Showcasing the Mediterranean diet and Asian diet  




Soy sauce

Soy sauce has been a fundamental part of Chinese cooking for thousands of years. It's made from a fermented mix of soybeans, wheat flour, salt and water and has a strong savory flavor. Soy sauce is used to add flavor and color to many Chinese dishes including stir-fries, noodle dishes, braises, fried rice, soups, marinades and dipping sauces. The most versatile Chinese soy sauce is light soy sauce also known as superior soy sauce.




Oyster sauce

Oyster sauce is a thick, brown sauce made from oysters, brine, sugar and soy sauce. It's used to flavor all kinds of Chinese dishes and can be used as an ingredient in dipping sauces.






Hoisin sauce

Hoisin sauce is a reddish-brown sweet and savory sauce made from fermented soy beans, spices and sugar. It is used in sauces, as a condiment and to glaze fish and meats.




Black bean sauce

Black bean sauce is a dark, thick sauce made from fermented soy beans and is used to flavor various Chinese dishes.







Sesame oil

Sesame oil is used as a flavoring oil rather than a cooking oil in Chinese dishes. It has a strong sesame quality, so only a small amount is enough to add a delicious nutty taste.




Shaoxing rice wine

rice wine (also known simply as Chinese rice wine) is used for cooking. It is an amber colored wine made from fermented rice and millet. Shaoxing rice wine is commonly aged for 10 or more years and it resembles the taste of dry sherry (many Western cooks use dry sherry as a substitute, but if you can track down real Shaoxing it has superior flavor in Chinese cooking). It is used in a wide variety of sauces and can also be used in marinades and dipping sauces.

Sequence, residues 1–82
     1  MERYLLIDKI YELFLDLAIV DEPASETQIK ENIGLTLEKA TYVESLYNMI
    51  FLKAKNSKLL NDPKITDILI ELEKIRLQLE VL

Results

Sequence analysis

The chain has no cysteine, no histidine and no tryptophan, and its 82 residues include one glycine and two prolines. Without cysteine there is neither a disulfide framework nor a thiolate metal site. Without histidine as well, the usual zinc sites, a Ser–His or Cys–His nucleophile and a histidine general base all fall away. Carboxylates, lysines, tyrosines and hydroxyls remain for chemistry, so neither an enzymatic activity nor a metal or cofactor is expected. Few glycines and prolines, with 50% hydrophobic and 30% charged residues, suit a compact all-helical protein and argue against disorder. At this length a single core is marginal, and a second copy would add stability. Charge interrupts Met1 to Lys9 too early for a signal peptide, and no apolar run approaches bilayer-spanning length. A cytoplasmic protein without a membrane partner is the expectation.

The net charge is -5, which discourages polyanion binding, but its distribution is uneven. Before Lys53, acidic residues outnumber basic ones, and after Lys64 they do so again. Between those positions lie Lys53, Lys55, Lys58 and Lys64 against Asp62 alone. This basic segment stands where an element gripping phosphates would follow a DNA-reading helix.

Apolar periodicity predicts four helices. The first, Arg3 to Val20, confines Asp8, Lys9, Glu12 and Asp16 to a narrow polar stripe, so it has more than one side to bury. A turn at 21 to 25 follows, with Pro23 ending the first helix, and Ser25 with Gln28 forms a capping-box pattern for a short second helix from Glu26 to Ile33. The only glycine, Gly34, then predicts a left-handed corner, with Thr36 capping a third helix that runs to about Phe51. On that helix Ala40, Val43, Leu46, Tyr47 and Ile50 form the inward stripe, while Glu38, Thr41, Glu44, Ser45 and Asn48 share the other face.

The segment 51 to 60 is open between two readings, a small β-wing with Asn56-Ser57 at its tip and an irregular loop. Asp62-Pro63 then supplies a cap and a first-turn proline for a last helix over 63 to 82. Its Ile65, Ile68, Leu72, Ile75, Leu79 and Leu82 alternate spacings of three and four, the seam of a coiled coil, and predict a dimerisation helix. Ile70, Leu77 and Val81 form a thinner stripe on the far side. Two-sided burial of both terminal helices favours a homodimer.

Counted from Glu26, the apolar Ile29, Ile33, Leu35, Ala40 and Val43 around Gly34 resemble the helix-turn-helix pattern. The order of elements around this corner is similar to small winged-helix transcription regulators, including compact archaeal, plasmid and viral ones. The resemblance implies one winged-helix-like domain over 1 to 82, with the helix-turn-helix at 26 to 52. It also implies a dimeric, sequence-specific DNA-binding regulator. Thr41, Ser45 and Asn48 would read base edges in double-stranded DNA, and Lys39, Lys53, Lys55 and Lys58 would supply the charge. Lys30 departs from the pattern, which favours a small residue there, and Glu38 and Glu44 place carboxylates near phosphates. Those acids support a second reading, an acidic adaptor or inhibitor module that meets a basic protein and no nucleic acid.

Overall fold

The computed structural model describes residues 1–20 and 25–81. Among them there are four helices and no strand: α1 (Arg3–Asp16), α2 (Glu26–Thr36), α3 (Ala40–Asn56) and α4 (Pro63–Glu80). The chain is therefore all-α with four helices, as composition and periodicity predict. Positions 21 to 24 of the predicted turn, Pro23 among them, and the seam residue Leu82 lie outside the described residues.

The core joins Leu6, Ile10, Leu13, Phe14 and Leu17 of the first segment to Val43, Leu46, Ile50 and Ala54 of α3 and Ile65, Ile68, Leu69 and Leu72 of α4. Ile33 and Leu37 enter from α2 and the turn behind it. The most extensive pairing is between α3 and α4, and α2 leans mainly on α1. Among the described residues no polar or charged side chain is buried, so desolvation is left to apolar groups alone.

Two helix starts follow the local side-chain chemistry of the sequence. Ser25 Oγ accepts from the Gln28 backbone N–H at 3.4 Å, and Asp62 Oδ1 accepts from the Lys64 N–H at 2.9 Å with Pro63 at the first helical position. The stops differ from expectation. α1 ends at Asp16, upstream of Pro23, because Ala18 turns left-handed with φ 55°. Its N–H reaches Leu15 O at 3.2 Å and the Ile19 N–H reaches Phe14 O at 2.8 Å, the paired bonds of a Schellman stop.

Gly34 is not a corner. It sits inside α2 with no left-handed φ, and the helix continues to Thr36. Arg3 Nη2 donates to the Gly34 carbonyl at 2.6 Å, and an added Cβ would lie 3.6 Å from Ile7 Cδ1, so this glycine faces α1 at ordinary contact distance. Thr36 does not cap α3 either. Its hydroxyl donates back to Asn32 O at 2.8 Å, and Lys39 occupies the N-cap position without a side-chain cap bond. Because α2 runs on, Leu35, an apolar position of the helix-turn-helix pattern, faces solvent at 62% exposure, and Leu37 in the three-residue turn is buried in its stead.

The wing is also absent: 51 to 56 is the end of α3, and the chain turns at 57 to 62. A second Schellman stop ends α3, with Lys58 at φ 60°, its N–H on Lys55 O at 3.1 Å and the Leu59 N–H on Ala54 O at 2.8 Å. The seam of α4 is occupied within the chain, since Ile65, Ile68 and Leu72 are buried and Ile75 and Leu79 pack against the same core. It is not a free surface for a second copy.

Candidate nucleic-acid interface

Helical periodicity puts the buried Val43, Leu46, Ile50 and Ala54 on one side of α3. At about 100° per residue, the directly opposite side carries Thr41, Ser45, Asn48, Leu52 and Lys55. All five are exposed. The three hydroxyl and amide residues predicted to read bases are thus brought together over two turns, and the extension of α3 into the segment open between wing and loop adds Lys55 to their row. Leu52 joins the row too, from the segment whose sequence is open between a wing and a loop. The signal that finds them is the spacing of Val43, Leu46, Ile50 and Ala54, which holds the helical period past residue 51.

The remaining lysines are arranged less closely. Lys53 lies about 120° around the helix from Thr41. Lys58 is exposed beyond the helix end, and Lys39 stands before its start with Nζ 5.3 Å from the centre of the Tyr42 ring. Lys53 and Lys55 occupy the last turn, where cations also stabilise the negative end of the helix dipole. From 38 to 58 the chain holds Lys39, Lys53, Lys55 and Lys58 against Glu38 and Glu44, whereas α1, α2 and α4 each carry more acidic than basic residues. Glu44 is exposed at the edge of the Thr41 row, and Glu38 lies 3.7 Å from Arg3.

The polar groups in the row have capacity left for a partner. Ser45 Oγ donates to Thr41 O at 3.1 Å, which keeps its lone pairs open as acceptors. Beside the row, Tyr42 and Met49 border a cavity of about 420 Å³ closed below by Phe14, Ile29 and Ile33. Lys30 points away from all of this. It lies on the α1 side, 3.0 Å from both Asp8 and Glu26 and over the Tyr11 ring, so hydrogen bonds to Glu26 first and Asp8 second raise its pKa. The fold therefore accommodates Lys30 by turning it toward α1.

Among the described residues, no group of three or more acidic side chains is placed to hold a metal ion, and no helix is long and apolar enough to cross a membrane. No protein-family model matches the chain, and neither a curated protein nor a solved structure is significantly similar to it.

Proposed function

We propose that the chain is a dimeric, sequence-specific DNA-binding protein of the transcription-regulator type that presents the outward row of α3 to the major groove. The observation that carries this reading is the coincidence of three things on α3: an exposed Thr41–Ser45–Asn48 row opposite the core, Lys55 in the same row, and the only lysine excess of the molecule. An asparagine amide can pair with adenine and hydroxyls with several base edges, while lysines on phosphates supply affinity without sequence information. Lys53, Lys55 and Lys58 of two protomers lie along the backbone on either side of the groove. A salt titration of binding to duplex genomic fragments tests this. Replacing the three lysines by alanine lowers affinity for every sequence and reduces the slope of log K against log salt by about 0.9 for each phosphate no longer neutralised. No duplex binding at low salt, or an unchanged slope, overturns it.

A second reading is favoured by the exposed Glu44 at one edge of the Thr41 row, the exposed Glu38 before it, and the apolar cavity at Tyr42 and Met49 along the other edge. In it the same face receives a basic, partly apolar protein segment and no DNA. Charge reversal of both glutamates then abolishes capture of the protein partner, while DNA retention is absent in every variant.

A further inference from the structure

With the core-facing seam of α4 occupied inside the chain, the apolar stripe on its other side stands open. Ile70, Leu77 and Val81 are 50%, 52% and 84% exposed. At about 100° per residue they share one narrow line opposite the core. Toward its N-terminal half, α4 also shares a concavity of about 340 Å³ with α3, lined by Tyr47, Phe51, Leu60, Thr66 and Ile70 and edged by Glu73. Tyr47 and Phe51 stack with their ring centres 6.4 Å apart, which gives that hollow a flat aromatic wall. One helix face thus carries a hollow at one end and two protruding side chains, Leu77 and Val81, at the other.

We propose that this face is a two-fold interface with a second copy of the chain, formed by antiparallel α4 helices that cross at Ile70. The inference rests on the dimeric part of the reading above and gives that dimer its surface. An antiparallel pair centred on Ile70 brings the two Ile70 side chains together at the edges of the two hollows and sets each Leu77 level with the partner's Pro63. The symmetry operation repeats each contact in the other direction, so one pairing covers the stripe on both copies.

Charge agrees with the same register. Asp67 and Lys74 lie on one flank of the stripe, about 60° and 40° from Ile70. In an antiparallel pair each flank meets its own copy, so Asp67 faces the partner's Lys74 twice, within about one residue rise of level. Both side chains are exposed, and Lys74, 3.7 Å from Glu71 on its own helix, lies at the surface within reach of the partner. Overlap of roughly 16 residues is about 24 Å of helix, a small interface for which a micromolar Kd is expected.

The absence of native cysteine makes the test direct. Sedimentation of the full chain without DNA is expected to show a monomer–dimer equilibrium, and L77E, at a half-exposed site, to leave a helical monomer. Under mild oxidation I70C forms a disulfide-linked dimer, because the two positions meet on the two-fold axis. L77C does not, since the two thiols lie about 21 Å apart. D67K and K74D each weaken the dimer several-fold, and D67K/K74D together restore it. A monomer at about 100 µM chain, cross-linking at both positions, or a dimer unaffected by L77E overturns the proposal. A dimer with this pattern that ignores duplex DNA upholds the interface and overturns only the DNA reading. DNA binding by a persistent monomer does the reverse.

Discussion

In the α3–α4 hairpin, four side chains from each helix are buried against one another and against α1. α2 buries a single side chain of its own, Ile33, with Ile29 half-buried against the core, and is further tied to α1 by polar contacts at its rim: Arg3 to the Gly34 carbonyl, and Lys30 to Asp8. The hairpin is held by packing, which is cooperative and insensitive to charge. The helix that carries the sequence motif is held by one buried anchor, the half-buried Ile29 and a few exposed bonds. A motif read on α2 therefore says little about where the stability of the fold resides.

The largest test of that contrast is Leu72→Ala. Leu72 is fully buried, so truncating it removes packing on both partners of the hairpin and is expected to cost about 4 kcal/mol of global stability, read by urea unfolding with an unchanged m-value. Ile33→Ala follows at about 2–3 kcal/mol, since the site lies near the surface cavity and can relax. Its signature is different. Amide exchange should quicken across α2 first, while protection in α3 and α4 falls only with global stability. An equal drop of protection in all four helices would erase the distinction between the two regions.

Noodles are eaten as part of many Chinese meals. Popular noodles include wheat noodles (thick and thin); egg noodles (made from a combination of wheat and eggs), rice noodles (both thin and flat stick noodles); and bean thread noodles (made from bean starch). Fresh noodles or packaged pre-cooked noodles are usually available from the refrigerated section of the supermarket.




Rice is a staple part of Chinese cuisine, usually long-grain rice. Rice accompanies many Chinese dishes and is used to make fried rice. Rice is also ground into flour and used to make noodles.






Peanut oil

Peanut oil is used extensively in Chinese cooking and is an ideal oil for stir-fries, noodle dishes and fried rice. As peanut oil can withstand high temperatures, it's also good for deep-frying. Other popular vegetable oils in China include rapeseed (canola) oil and soybean oil.




Five spice powder

Five spice powder is a fragrant blend of ground cinnamon, cloves, star anise, Szechwan pepper and fennel. It's used to add flavor and pungency to noodle dishes, stir-fries, braises, soups and sauces.









Sesame seeds

Sesame seeds are used in many ways in Chinese cookery. They can be toasted and sprinkled over dishes as a garnish, ground into a robust flavored paste which is used in sauces, or pressed for their oil which is used in Chinese cooking to enhance the texture and flavor of food.



Baby corn

Baby corn adds crunchiness and a wonderful yellow color to stir-fries, braises and noodle dishes.






Water chestnuts

Water chestnuts have been cultivated for centuries in China. This is probably no surprise because these aquatic vegetables flourish in the watery rice fields that dot the landscape. Sliced water chestnuts add an appetizing crunchiness to Chinese dishes, and water chestnut flour is also used to thicken foods. Sliced canned water chestnuts are the most convenient to use.



Bamboo shoots

Bamboo shoots are the edible shoots from a bamboo plant. They are typically yellowish in color and add a crunchy texture to a variety of Chinese dishes. Sliced canned bamboo shoots are the most convenient to use.